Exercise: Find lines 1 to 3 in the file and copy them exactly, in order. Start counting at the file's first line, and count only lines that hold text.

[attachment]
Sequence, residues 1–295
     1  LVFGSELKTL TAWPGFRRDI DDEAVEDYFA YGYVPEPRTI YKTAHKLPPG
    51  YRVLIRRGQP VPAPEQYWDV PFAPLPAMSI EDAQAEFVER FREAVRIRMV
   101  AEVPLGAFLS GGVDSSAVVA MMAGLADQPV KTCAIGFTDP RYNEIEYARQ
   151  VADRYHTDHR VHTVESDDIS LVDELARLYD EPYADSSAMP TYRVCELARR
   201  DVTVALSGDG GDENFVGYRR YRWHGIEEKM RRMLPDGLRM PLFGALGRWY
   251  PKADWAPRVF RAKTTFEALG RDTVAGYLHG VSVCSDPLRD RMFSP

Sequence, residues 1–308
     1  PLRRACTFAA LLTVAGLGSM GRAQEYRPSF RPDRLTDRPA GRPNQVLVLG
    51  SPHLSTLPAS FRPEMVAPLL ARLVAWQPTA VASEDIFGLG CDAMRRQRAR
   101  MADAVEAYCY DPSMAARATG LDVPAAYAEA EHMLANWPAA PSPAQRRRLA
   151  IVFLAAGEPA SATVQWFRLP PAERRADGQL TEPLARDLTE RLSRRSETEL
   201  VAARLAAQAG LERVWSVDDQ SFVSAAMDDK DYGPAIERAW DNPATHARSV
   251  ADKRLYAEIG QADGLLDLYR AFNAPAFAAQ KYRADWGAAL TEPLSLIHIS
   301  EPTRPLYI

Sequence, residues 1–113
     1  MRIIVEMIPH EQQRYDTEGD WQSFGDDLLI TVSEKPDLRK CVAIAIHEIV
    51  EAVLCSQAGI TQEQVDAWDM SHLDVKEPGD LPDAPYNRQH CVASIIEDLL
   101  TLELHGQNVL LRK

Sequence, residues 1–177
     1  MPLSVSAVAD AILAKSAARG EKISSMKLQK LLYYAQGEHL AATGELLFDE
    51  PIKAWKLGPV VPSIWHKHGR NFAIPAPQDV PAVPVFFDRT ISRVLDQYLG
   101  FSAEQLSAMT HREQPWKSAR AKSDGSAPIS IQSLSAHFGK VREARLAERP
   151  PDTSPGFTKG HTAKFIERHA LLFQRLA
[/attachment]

Sequence, residues 1–295
     1  LVFGSELKTL TAWPGFRRDI DDEAVEDYFA YGYVPEPRTI YKTAHKLPPG
    51  YRVLIRRGQP VPAPEQYWDV PFAPLPAMSI EDAQAEFVER FREAVRIRMV